Take advantage of the season: Maintenance and cleaning businesses — like carpet cleaners, gutter services and window washers — are slow in the summer, so look for discounts on these services. Summer is not as busy for the furnace business, so scheduling maintenance for your HVAC system is a great idea. It’s easier to get the serviceman to your house, and you’ll be well prepared for the first cold fall night.

CRS “Your Home” Newsletter – July/August 2014

My Generation

Younger buyers are more satisfied with their recent home purchase than older buyers, according to a recent survey by the NATIONAL ASSOCIATION OF REALTORS®. A majority of younger buyers under age 32 (85 percent) considered their home purchase to be a good financial investment compared to 80 percent of all other home buyers.

Nearly two-thirds of Millennials (65 percent) rented an apartment or house before buying a home and 22 percent lived with their parents, relatives or friends. Meanwhile, more than half of baby boomers and Silent Generation buyers owned their previous residence.

Younger buyers typically bought older homes built around 1986 in an urban or central city location, usually within 10 miles of their previous residence, and they generally purchased a home because they wanted a place of their own. When choosing a neighborhood, younger buyers cited convenience to jobs, affordability of homes and quality schools. A majority of them found their new through the Internet.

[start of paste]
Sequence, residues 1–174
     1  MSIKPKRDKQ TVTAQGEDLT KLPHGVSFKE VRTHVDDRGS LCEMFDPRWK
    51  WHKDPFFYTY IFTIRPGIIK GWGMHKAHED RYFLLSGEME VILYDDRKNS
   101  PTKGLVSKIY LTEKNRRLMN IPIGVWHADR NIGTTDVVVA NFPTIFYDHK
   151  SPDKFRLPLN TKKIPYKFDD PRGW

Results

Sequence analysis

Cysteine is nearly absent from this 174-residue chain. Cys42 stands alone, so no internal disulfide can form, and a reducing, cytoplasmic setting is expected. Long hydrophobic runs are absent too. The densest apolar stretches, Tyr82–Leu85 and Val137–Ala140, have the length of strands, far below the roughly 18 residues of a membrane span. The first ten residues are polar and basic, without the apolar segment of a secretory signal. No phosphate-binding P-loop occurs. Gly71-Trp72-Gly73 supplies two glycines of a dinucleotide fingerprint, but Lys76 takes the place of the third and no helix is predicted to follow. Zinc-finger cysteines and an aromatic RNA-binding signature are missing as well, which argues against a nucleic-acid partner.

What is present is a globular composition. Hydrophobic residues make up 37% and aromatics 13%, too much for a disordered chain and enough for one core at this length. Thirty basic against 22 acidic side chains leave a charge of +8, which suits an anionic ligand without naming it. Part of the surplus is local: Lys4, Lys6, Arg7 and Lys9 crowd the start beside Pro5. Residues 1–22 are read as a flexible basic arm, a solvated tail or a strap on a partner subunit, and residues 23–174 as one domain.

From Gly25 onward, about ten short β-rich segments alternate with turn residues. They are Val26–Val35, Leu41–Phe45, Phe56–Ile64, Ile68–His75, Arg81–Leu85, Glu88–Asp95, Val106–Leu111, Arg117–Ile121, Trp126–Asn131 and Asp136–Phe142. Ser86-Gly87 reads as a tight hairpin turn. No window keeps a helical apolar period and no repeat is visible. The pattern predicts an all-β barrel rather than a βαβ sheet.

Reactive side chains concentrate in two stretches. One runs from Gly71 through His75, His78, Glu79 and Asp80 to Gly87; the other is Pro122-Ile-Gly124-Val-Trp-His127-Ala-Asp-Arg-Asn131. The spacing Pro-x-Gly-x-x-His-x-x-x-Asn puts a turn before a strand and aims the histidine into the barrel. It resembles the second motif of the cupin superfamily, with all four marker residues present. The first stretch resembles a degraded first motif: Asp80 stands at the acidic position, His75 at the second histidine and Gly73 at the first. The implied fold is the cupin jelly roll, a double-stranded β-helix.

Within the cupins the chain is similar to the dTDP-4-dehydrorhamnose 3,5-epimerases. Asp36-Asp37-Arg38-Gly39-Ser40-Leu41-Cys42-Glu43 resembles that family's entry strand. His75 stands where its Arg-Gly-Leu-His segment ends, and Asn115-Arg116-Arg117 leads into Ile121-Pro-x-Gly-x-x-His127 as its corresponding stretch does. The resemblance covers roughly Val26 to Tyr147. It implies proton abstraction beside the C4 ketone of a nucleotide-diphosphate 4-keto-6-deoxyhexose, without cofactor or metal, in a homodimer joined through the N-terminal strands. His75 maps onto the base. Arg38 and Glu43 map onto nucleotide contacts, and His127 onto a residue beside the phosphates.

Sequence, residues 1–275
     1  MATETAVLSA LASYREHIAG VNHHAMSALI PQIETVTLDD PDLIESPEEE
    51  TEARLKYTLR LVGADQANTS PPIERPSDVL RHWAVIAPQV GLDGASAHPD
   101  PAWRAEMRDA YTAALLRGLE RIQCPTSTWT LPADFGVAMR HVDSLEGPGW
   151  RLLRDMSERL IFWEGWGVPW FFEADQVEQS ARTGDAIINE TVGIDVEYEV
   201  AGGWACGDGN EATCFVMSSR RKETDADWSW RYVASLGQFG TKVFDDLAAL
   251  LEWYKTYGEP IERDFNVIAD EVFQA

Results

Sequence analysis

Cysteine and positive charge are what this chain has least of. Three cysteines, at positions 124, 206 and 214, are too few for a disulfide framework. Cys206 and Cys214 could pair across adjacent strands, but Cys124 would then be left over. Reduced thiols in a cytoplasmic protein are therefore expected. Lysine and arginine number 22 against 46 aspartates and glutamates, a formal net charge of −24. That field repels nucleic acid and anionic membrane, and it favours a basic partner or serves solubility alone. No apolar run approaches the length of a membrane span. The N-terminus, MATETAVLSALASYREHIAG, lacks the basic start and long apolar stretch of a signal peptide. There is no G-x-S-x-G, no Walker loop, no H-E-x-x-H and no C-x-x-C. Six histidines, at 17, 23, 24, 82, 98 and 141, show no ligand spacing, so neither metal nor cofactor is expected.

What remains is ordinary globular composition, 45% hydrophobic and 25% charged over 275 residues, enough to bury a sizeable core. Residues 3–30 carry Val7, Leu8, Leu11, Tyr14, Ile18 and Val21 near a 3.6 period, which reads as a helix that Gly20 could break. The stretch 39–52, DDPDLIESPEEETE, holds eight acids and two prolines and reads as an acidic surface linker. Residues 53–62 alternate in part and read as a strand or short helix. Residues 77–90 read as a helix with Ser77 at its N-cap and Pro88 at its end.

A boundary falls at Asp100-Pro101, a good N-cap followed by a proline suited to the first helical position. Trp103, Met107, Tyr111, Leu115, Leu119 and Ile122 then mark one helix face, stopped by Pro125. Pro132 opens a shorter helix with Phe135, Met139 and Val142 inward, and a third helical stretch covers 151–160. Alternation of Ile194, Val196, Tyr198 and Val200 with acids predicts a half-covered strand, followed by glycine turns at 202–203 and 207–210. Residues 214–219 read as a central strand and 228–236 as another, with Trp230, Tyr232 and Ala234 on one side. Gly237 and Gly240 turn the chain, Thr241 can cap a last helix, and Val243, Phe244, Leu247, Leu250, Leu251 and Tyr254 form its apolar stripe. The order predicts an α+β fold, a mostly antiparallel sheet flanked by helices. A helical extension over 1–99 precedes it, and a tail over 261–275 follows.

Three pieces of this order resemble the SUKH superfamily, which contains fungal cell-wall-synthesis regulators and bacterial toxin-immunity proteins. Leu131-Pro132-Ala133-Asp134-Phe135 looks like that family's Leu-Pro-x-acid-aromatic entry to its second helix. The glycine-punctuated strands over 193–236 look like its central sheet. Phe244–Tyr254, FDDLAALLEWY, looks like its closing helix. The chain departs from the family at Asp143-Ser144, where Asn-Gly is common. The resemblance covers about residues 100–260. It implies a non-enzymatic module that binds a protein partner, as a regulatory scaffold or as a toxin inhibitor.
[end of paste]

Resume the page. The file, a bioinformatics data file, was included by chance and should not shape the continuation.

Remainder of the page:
Meanwhile, older buyers bought newer homes built around 1996 and moved distances of more than 20 miles from their previous residence. They usually purchased a home to be closer to family and friends, and looked for a location with easy access to health care facilities. Older buyers learned about the home they purchased from their real estate agent.

CRS “Your Home” Newsletter – August 2013

Kid-Friendly Moving Tips

Planning a move is often difficult, but planning one with children is even harder. Kids and teenagers aren’t thrilled by the prospect of moving to a new home, especially in a new location away from their friends, but these steps you help ease the transition, say experts at Parents.com and TLC.

Start by getting the kids involved in the house-hunting process. Take them to see the homes you are considering buying, or show them photos or a virtual tour. Learn as much as you can about the community and the neighborhood.

Get the kids involved in de-cluttering the home. Go through the house, room by room, and have them identify what items they want to discard and what they want to keep.

Let kids map out their new room, and choose the colors to decorate it. If they want, let them help arrange and decorate other rooms in the house. For teenagers, set a budget and let them pick out colors, linens, rugs and furniture, and encourage them to shop at thrift stores for knick knacks.

Once you have moved, plan a welcome party and invite a few neighbors with kids to get acquainted. Tour the new neighborhood to locate places of interest to children, such as a playground, school, library, and movie theater.

Moving is never easy for kids, but these ideas can help them look forward to their new home.

CRS “Your Home” Newsletter – August 2013